Updated June 3: Shortly after this op-ed published, reports revealed that Apple did indeed add cursor support, albeit a limited form, to iPadOS. Discovered by iOS developer Steve Troughton-Smith, the feature works with Apple's Magic Mouse as well as wireless Bluetooth devices. You can enable mouse support in the Accessibilities setting, just keep in mind that the circular touch target is meant to simulate a finger, not the typical arrow-style cursor.
Apple's iPad Pro is a frustrating device. While the tablet offers laptop-level performance, the lack of cursor support and multitasking features in iOS has severely limited its functionality, especially for creative pros who use demanding programs.
There were all sorts of rumors flying around about how Apple would unveil a slew of features at this year's WWDC that would solve these limitations. However, now that the dust has settled, not all of these problems have been answered.
While the iPad's new iPadOS operating system (which you can download by installing the beta) added several useful multitasking capabilities, cursor support is still missing. Without it, the iPad remains a better mobile, on-the-go device than a true laptop replacement.
Goodbye, iOS. Apple separates its tablets from its smartphones by introducing a new operating system called iPadOS. The first thing you'll notice about the new OS' interface is that icons are more tightly packed, allowing for more apps to be displayed at once, which gives it a closer look to macOS' Launchpad.
But perhaps the most significant improvement to multitasking in iPadOS is the new split-view feature, which lets you work with multiple files and documents from the same app simultaneously. The most obvious application is displaying two Safari tabs side-by-side so you can browse the web on one and compose emails or watch videos on the other.
Before, you could only have an app open on one side of the screen or try a workaround like, using two different browsers at once.
Having multiple windows open at once is critically important when you're trying to reference information while creating content or composing text. The lack of dual-Window support was a deal-breaker for some users when choosing between a laptop or a tablet. Now, Apple has placed the iPad on a level playing field.
Navigating through all of those open programs will also be much easier on an iPad thanks to Slide-Over, a feature that lets you quickly view and switch between open apps.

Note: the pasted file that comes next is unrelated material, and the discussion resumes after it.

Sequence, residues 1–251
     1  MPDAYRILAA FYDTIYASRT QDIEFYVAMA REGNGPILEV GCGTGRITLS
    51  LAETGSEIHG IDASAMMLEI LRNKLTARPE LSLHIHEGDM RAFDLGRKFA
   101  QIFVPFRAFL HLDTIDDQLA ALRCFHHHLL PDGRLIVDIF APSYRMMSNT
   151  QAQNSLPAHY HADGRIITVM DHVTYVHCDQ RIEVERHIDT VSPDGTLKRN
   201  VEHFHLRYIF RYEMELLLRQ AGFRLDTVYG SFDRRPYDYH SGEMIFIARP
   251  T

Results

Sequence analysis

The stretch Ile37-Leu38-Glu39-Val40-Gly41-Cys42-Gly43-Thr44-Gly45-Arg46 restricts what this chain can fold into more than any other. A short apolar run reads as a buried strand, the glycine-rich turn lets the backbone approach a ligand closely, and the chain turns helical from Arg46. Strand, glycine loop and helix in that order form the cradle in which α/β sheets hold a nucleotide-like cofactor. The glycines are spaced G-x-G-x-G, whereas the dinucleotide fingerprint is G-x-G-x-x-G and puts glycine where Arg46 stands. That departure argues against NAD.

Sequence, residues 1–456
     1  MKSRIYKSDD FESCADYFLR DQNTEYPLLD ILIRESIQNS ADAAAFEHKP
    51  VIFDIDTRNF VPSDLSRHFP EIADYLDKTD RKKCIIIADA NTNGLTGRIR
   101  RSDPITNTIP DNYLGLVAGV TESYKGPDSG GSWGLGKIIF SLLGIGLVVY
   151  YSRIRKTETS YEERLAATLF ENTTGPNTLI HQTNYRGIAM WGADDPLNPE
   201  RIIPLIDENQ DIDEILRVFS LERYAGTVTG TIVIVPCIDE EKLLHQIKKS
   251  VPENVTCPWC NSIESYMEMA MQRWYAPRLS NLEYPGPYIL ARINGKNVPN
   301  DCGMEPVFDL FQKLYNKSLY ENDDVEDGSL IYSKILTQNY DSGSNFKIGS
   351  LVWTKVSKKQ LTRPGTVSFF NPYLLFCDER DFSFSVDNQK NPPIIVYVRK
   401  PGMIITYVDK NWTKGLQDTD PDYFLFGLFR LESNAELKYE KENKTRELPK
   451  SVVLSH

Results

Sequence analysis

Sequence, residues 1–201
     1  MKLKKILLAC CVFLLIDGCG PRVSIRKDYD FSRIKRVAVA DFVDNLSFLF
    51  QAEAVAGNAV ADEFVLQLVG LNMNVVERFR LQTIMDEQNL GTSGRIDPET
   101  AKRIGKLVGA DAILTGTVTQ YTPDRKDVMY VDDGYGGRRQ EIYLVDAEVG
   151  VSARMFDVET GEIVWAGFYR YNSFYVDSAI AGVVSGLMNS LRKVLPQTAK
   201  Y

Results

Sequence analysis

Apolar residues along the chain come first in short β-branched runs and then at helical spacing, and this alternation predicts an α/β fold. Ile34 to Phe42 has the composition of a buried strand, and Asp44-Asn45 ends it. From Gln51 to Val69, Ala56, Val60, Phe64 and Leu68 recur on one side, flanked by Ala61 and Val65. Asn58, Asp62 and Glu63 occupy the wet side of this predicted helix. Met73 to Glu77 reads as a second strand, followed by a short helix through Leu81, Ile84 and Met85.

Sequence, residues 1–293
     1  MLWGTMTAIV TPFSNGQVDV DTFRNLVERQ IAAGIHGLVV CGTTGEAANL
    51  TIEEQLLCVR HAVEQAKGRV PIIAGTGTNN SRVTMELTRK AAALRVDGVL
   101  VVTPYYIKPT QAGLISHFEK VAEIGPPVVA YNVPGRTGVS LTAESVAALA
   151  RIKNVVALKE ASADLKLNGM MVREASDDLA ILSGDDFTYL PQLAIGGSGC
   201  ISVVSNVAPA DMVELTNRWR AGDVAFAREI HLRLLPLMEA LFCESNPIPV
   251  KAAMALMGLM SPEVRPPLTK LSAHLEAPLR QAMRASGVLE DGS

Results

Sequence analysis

USB and SD support
In another move that brings the iPad closer to parity with laptops, Apple added USB and SD cards support for uploading images. This will be especially useful for creatives, like photo and video editors who want to upload photos directly from a card or USB stick.
Manage files like you would on a laptop
The Files app available in iPadOS also received several features found in macOS' Finder file manager. That includes support for zip and unzip files, which should make it easier to share and transfer large, complicated files. Another great feature previously available only on Mac is support for iCloud Drive. Now you can access a shared folder and go back to it after it's been updated.
I'm especially fond of the new Column View Apple is bringing to its tablets. The interface provides high-res previews to help you sift through files, while Quick Actions let you create PDFs or make simple changes to files.
The most obvious way in which Apple is bringing laptop functionality to the iPad is with Safari, the company's web browsing app. While a full-on desktop browser wasn't shown at the event, certain web apps, like Google Docs, will open in their desktop versions.
Each of these changes marks a big step toward making the iPad a genuine laptop replacement, but they alone aren't enough.
Limited cursor support
While Apple changed how users interact with its cursor, it didn't announce full-fledged cursor support. However, after the keynote, iOS developer Steve Troughton-Smith discovered that Apple had quietly added a limited form of cursor support in iPadOS. Unlike the traditional pointer found on macOS or Windows 10, the large circular cursor you can enable in the accessibility settings of iPadOS is meant to simulate a finger.
I'll need to spend more time navigating iPadOS with a mouse before I can determine whether this feature gives iPads the same functionality as a laptop. For now, however, mouse support seems fairly restricted.
No matter how many multitasking features the company adds, there is simply no replacement for mouse and touchpad support. After all, you wouldn't want to use a Pen and keyboard to work on a spreadsheet that has thousands of entries.
Until Apple chooses to adopt the feature in earnest, users will be forced to navigate iPadOS and Apple apps exclusively using touch. That's fine for most apps, but some legacy programs require cursor input.
Another WWDC, another year Apple fails to bring full mouse support support to the iPad.
Yes, the multitasking features announced today will go a long way to making Apple's tablets viable laptop replacements, but one can only be so productive without a touchpad or mouse.
That's a real shame because we found the newest iPad Pros to be more powerful than most premium laptops we've reviewed. Alas, if you're looking for a true laptop replacement in a tablet form factor, may we direct you to Apple's biggest competitor in the Microsoft and its Surface Pro 6.
It's still early days at WWDC 2019, so there's still a chance that Apple quietly introduces cursor support in the coming days. We'll keep our fingers crossed until then.